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Biosecurity Measures for Pig Transportation

Transporters have a crucial role in preventing or reducing the spread of diseases during transportation. Diseases in livestock can lead to animal health, human health, and economic consequences. This fact sheet highlights key biosecurity measures to protect pigs from contracting or spreading diseases during transportation and minimize costs due to outbreak of diseases.

What is biosecurity?

Biosecurity is a set of measures used to reduce the chance of the introduction and spread of disease-causing organisms and pests. During transportation, pigs can be at risk of contracting infectious disease from exposure to infected pigs, other animals, carcasses and pests (such as rodents and insects) or contact with manure, bodily fluids and aerosols of infected animals or contaminated trailers, equipment, and people. A chain of strict biosecurity measures is recommended to maintain the health and well-being of pigs at the place of loading, during transportation and at the destination site.

Why is biosecurity important?

On average, pigs are transported three or four times in their lifetime. These transportation events provide an opportunity to spread infectious diseases, such as porcine epidemic diarrhea and porcine reproductive and respiratory syndrome, which may cause significant financial losses to the producers, transporters, livestock industry and government.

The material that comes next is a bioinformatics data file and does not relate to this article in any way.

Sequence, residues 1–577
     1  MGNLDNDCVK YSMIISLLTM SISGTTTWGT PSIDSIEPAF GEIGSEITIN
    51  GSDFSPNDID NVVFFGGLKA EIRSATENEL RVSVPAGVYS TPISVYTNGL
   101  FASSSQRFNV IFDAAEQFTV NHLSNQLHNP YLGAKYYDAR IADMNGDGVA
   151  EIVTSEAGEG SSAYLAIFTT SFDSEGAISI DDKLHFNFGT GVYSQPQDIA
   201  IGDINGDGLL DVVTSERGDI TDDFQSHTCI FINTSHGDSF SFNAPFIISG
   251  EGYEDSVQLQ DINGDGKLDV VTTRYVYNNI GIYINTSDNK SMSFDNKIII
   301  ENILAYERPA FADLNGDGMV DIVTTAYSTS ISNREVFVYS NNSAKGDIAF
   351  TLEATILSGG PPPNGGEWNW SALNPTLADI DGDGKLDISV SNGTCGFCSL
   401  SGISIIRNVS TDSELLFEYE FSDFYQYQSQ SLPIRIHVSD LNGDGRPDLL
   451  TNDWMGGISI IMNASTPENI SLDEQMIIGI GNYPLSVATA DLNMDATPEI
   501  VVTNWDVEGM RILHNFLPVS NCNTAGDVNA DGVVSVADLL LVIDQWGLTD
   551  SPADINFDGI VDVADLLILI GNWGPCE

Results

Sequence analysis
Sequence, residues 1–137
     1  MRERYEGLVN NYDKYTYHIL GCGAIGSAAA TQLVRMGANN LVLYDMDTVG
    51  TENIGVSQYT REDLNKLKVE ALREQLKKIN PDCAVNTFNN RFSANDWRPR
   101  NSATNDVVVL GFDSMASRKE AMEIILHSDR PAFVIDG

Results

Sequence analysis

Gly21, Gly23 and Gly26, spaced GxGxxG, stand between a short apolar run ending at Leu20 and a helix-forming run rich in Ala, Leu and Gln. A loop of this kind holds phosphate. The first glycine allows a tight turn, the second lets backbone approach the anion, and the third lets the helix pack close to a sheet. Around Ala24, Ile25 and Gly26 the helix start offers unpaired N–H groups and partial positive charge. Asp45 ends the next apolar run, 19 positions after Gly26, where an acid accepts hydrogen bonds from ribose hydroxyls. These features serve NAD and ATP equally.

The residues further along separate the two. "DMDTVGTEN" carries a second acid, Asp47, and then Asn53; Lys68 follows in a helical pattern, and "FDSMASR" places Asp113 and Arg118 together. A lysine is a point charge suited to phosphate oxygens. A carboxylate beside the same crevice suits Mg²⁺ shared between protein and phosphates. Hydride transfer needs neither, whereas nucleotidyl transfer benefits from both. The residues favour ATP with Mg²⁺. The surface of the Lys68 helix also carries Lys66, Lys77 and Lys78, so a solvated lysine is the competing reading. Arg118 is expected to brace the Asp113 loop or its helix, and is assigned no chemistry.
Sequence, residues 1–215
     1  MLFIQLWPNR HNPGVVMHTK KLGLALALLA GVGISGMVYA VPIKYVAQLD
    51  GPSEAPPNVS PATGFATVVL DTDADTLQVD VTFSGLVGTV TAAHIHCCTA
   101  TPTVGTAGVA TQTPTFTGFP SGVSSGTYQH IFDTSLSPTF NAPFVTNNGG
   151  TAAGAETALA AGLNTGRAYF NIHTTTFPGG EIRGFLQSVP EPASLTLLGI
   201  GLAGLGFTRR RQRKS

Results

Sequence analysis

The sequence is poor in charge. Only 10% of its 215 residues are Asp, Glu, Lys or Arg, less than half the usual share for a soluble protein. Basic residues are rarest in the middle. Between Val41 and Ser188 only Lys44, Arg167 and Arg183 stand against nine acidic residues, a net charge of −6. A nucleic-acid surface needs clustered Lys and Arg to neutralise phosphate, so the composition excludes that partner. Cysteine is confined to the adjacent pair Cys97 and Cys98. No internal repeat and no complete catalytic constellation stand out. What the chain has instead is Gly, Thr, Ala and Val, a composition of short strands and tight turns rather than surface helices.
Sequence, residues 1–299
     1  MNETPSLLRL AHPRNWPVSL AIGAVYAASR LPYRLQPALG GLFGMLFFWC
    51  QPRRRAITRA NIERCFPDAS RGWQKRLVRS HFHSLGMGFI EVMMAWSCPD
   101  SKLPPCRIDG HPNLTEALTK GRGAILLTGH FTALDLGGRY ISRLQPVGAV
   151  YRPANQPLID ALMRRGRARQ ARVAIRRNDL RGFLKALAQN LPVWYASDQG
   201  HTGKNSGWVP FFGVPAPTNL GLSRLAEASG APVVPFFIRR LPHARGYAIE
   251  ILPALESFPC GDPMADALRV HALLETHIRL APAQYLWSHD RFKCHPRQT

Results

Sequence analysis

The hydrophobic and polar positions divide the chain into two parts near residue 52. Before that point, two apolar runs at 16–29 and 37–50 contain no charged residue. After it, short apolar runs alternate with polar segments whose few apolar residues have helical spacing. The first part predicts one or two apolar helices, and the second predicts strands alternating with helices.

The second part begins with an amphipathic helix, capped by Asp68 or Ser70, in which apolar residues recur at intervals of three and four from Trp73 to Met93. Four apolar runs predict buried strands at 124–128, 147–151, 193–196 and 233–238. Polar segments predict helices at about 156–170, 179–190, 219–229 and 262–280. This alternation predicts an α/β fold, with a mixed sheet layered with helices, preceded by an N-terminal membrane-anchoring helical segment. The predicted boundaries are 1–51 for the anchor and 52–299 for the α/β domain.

Who is responsible for biosecurity?

Producers, caretakers, transporters and everyone else involved in the transportation of pigs are responsible for ensuring animal health and welfare. It is recommended that biosecurity measures be implemented at all times during loading, on the road and during unloading. Always discuss biosecurity with the producers before transportation.

General Biosecurity Recommendations

Biosecurity Best Practices

Only load livestock onto clean trailers

Dirty trailers can spread disease. To reduce the risk of spreading disease:

Avoid contact with other animals

Animals can appear healthy yet still shed pathogens (e.g. bacteria, viruses, and fungi) that can put other animals at risk of infection. To reduce this risk:

People and equipment

People and equipment that have come into contact with diseased animals or their environment can pose a risk to the animals. To minimize this risk:

For more information, visit the biosecurity standard for livestock, poultry and deadstock transportation on the Canadian Food Inspection Agency website at and Canadian Animal Health Coalition website at

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